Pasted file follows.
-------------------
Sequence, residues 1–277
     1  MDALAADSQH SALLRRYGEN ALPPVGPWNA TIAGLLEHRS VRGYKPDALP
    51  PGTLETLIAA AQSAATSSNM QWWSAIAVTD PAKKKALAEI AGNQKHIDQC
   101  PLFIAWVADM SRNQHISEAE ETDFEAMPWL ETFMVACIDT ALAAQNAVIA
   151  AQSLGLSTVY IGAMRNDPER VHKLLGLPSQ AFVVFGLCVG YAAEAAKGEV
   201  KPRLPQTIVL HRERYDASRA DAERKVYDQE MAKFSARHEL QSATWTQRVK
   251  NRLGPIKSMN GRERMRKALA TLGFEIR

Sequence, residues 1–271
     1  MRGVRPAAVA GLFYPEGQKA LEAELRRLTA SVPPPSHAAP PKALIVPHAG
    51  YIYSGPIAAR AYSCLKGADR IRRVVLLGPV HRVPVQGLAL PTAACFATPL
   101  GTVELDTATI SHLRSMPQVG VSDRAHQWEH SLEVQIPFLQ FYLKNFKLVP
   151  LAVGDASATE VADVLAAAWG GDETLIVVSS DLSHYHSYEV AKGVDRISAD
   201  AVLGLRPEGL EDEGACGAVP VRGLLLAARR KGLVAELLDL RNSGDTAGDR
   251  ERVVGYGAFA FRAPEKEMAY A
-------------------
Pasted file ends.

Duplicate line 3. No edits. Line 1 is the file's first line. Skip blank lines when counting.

    51  PGTLETLIAA AQSAATSSNM QWWSAIAVTD PAKKKALAEI AGNQKHIDQC